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59mga
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why multiple woofers?

I know, I know, there's an obvious answer to this question. But it is too simple for me to figure out. I'm shopping for a set of 3-way speakers and I've looked at many - PSB, B&W, Revel and others. All of these brands have models, in various price ranges, with 2 woofers. I'm making the ASSumption that this is just a design choice (or gimmick) and doesn't necessarily have anything to do with how the speaker actually sounds. For example: I've listened to a 2 woofer model then a single woofer model, by the same manufacturer, and the single woofer sounds better. Is this a design issue? (Note: The single woofer models, that sounded better, did cost more than the dual woofer models.)

Am I missing something here?

Yiangos
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Re: why multiple woofers?

Mike,you're playing with fire.You are going to get someone we know started again

Kal Rubinson
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Re: why multiple woofers?


Quote:
For example: I've listened to a 2 woofer model then a single woofer model, by the same manufacturer, and the single woofer sounds better. Is this a design issue? (Note: The single woofer models, that sounded better, did cost more than the dual woofer models.) Am I missing something here?

You are not making a relevant comparison, so your conclusion is not supported. You should compare a 1 woofer system with a 2 woofer system at the same price or, better, compare the two from the same manufacturer where he/she offers both in the same line. Otherwise, apples vs. oranges.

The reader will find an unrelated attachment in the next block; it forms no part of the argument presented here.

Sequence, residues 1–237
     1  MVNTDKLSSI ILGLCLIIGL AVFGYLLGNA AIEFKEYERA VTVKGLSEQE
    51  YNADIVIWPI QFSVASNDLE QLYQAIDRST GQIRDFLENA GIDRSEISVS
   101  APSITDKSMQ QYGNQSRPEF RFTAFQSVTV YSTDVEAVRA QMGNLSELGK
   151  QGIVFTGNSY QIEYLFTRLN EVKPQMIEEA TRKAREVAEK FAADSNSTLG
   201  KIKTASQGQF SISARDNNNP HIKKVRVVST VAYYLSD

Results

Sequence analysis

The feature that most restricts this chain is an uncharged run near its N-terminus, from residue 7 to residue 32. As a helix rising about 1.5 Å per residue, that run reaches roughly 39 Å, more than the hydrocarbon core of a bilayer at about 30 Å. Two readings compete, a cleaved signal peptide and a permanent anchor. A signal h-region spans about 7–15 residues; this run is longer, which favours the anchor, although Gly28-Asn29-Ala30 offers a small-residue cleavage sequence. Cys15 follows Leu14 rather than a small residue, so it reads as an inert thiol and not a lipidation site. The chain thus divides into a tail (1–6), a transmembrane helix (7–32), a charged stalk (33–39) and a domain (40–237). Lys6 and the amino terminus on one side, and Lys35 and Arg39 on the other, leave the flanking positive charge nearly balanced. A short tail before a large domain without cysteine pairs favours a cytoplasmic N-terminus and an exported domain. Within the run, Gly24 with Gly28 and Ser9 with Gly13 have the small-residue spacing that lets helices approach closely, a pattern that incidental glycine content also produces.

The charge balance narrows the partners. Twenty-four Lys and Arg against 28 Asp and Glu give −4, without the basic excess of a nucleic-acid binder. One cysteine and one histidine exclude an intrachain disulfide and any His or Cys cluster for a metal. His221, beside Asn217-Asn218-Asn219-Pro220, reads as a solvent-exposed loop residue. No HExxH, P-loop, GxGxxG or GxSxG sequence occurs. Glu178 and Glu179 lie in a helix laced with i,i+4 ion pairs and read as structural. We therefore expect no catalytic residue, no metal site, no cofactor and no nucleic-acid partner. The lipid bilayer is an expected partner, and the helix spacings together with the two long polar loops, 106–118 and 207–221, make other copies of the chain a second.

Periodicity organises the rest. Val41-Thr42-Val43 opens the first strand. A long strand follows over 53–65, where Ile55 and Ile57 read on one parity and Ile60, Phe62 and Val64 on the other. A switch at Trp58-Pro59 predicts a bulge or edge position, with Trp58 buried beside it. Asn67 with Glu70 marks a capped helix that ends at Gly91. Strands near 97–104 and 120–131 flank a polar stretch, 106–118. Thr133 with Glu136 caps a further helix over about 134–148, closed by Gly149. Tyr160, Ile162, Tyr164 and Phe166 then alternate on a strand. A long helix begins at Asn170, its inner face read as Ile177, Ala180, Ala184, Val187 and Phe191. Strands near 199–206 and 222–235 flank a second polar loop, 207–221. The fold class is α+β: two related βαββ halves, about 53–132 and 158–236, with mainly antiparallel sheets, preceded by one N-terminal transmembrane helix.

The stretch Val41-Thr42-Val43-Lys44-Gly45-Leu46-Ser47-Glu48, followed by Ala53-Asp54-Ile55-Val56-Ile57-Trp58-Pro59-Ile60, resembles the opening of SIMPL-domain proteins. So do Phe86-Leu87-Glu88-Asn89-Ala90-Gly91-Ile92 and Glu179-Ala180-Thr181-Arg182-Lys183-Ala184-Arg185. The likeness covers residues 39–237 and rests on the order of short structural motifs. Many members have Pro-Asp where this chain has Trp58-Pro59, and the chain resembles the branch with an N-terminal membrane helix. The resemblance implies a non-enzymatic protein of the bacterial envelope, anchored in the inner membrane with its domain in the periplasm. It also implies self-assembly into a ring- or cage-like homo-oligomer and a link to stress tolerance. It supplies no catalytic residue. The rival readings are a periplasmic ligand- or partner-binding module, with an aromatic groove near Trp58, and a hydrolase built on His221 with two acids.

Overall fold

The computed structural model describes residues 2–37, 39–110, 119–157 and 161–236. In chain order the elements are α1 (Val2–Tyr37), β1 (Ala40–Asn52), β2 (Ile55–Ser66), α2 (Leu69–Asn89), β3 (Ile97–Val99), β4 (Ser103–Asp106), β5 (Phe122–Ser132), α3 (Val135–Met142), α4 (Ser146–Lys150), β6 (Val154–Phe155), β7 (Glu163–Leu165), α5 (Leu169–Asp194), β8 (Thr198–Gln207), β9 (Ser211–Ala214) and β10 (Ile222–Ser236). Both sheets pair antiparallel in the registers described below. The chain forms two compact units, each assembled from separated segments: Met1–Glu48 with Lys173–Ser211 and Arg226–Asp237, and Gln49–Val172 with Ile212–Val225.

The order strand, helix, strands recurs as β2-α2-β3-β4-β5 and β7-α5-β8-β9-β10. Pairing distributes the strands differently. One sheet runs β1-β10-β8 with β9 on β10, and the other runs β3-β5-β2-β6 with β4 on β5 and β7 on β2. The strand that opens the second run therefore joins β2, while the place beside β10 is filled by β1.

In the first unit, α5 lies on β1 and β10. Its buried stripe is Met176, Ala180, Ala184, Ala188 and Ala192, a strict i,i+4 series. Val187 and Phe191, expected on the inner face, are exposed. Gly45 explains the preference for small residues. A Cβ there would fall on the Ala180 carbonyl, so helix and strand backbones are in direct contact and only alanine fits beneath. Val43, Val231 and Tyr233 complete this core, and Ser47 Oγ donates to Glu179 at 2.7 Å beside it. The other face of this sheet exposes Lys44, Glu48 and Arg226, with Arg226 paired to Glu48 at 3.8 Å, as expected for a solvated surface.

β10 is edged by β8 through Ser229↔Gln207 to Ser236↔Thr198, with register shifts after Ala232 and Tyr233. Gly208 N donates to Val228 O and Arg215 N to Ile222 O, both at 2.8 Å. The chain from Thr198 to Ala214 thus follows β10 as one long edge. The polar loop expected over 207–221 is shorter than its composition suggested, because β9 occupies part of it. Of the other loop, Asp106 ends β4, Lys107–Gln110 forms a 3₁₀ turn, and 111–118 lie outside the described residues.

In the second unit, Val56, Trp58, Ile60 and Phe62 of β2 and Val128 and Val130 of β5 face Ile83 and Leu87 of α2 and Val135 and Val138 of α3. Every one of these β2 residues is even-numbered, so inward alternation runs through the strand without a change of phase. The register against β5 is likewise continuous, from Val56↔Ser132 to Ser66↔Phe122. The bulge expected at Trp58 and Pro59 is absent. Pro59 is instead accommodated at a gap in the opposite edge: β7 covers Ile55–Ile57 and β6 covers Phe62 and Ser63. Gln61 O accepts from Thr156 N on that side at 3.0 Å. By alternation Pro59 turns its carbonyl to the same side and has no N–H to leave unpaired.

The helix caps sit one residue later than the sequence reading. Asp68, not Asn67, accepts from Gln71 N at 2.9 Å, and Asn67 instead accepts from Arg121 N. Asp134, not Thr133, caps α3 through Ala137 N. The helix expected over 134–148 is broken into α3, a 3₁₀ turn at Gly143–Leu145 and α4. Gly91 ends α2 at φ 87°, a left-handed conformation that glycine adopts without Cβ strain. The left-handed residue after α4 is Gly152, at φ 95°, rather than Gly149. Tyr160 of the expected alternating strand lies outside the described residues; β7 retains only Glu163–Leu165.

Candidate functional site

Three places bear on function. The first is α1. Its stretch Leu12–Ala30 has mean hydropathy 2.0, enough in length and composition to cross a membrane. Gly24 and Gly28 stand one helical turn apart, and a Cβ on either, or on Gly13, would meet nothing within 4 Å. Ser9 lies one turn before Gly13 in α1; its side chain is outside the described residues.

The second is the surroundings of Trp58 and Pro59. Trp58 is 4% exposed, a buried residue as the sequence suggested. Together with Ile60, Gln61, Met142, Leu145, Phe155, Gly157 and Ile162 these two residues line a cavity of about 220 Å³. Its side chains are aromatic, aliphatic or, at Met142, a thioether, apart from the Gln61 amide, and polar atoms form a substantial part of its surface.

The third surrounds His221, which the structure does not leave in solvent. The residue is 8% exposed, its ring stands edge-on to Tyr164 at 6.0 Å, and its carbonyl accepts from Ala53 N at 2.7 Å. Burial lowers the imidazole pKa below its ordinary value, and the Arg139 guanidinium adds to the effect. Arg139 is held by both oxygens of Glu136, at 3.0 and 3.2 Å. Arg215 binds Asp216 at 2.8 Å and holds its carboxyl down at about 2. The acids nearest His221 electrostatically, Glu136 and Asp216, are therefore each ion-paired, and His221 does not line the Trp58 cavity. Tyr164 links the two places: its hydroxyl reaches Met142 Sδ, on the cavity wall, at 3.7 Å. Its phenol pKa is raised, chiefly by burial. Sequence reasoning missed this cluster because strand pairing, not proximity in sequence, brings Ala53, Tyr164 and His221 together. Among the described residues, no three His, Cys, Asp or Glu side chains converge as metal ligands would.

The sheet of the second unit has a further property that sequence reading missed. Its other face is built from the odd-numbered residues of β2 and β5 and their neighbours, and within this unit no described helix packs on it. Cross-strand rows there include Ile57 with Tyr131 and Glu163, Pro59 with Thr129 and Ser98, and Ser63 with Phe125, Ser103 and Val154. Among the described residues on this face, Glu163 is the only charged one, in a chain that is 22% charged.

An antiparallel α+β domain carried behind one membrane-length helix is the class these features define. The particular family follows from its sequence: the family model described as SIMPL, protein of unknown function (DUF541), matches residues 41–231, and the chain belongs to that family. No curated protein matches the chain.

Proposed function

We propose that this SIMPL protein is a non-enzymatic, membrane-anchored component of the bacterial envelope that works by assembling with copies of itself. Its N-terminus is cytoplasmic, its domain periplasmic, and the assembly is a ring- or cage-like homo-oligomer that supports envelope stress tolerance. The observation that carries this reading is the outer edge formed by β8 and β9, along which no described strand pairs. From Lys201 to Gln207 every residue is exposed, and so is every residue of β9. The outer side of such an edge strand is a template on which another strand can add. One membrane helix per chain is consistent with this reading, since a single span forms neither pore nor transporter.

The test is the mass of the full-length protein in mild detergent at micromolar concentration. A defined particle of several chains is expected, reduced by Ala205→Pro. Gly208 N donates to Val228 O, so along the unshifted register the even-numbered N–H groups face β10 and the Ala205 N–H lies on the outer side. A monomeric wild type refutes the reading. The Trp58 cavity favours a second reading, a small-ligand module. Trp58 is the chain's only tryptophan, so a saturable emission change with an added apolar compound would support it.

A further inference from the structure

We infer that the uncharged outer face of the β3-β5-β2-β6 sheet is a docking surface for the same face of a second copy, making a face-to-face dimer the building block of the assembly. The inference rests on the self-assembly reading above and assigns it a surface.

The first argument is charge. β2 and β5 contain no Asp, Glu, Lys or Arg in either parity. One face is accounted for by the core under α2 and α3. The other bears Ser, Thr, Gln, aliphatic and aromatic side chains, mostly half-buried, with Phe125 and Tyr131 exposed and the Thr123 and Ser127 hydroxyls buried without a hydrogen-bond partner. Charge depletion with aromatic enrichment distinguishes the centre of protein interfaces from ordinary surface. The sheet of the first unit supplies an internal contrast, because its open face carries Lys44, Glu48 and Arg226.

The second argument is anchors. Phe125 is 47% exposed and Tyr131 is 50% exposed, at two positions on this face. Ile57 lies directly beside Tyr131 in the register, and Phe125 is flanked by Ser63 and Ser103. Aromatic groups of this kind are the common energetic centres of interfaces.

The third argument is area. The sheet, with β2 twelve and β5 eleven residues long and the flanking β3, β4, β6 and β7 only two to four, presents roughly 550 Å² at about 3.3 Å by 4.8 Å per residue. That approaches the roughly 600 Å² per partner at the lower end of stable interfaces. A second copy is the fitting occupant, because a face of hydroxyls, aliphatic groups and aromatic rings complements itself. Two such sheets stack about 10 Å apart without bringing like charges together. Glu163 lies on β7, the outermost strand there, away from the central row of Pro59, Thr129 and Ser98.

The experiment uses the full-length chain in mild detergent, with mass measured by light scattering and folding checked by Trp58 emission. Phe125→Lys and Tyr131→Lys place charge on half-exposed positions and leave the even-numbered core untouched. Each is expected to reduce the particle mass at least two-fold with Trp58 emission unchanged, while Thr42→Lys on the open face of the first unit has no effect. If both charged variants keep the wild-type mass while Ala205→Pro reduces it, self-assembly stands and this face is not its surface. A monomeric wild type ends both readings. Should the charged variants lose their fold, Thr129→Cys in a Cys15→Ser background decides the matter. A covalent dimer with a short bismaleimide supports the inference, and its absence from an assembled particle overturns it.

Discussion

Kal

CECE
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Re: why multiple woofers?

The question makes no sense.

CECE
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Re: why multiple woofers?

http://www.legacyaudio.com/2004/whisperis1.htm This thing must sound horrible, look how many woofers it has, look how many mids it has....biggest "gimick" I've seen or heard....Best sounding "gimick" ever that's for sure

Buddha
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Re: why multiple woofers?

Well, before we get the full "henhouse" effect going and DUP lapses back into his manufacterer's commercials, there are certainly reasons for multiple woofers.

First, some people think a smaller diameter woofer can be "faster" than a larger one. As such, some manufacturers will do something like use two 7 inch woofers in lieu of one 10 inch, even though the total radiating area is about the same.

They postulate that multiple smaller woofers will more faithfully recreate the speed of the musical signal better than larger ones.